As war rages across the countryside, young Afghans plug in their headphones and log into the Clubhouse audio app to chat with the Taliban and initiate counteroffensive tactics.
Launched in the United States at the start of the Covid-19 pandemic, the platform acts like a giant conference call and first found popularity among American tech entrepreneurs as a discussion board for start-ups and crypto. -coins.
In a conflict zone, he may have the rare power to connect ordinary citizens with activists who engage in fear and destruction.
“Some say the Taliban has changed, but I wanted to hear them, with their own voice, if they really did,” Sodaba, 22, of Kabul told AFP.
With the almost complete withdrawal of foreign forces and NATO, the Taliban carried out a large offensive, seizing territory and raising fears of a military takeover.
Sodaba was particularly worried about whether the Islamic fundamentalist group still had “its strict beliefs, especially about women.”
“It’s an interesting way that allows ordinary Afghans to speak directly with the Taliban and the government in real time,” said Fahim Kohdamani, a Kabul-based political activist and author, who regularly hosts political debates on the platform. .
# photo1 ″ People are very worried about what will follow now that international troops leave Afghanistan. ”
Afghans in urban centers across the country have enjoyed a relative increase in social freedoms since the fall of the Taliban, but those gains are under threat as militants advance in several provincial capitals.
For women, concerns are magnified – the Taliban imposed a harsh version of Islamic law during their rule in the 1990s, which saw half the population confined to their homes.
“I saw that they didn’t allow people they considered opponents to speak up, and I even ridiculed a woman who asked about women’s rights,” Sodaba said.
– Heated debates –
Clubhouse allows users to tap into “rooms”, either to listen or to virtually put their hands in the air in discussions which, according to the platform’s guidelines, cannot be recorded or cited.
Some recent topics include the Taliban’s perspective on the afterlife, how to have a happy relationship, and Persian poetry.
Many wanted to influence the reasons for the rapid fall of rural neighborhoods to the hands of militants, dozens waiting for their turn to speak.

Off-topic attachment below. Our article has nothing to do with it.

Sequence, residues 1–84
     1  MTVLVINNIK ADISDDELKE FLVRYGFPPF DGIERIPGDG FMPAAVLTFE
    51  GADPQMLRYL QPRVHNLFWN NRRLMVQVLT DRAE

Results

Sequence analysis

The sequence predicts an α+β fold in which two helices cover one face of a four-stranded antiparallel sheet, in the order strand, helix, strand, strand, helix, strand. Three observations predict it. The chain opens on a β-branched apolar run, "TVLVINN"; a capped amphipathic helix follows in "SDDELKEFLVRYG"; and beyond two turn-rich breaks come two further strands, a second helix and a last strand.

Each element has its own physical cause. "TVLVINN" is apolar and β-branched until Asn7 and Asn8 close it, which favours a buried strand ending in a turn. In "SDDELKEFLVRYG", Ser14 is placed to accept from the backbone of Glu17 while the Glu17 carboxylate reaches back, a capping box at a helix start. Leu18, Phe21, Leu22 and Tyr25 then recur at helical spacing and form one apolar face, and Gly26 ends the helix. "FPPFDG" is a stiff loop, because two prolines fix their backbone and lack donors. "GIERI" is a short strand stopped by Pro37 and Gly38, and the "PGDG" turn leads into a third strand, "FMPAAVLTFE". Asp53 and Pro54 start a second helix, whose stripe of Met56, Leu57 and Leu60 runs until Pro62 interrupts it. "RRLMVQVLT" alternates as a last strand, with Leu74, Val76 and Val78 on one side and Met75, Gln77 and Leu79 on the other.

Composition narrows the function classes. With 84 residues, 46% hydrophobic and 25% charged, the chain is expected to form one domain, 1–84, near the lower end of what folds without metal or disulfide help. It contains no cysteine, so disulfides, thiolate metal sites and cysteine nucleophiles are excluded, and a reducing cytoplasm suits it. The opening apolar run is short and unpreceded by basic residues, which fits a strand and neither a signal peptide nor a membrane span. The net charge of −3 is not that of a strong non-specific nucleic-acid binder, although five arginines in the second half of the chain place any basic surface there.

“One of the benefits of Clubhouse is that even people with less education can come and hear or have their voices heard,” Kohdamani said.
In a country eclipsed by an insurgency, talks about politics and the Taliban attract the most listeners.
# photo2 In a Taliban-run chatroom, activists praise their humanitarian values, assuring Afghans they want unity.
With sometimes as many as 100 listeners, things heat up quickly as supporters and opponents of the group argue over war, human rights and the role of women in society.
“The Taliban called me rude and cut my microphone, after I told the truth about them,” Haanya Saheba Malik tweeted.
“They want to chain women and restrict their human rights.
She then told AFP that she wanted to denounce the Taliban at Clubhouse: “They openly declared those of us calling for human rights infidels and deserving of death.”
Another critical group chat room opened soon after, inviting the Taliban to join a conversation they weren’t moderating.
One of the group’s activists signed up and was quickly bombarded with criticism.
But some users fear Taliban-moderated conversations, saying the group violates Clubhouse policies by recording conversations that can be used for future retaliation.
Taliban spokesman Zabihullah Mujahid denied any threats were made.
– Get their message across –
For the Taliban, who have taken an increasingly professional approach to public relations and social media, virtual chat rooms are a new way to get their message out.
Nearly half of Afghanistan’s 37 million people have access to the internet, 13 million of whom use social media, according to the government’s information technology ministry.
While Facebook is by far the most popular platform, Clubhouse seems to be growing rapidly.
“It’s a good platform to talk and find an understanding with those who oppose us,” Taliban spokesman Mujahid told AFP.
The Taliban have rarely engaged in open discussions in the past.
“However, they quickly joined Clubhouse to get in touch with people they usually avoid, perhaps because they see themselves on the verge of securing a military victory,” said Abdul Mujeeb Khelwatgar, leader of the group. defense of the NAI media.
But with little success so far, he added that “they may soon see Clubhouse as another outlet that should be avoided and banned.”
© 2021 AFP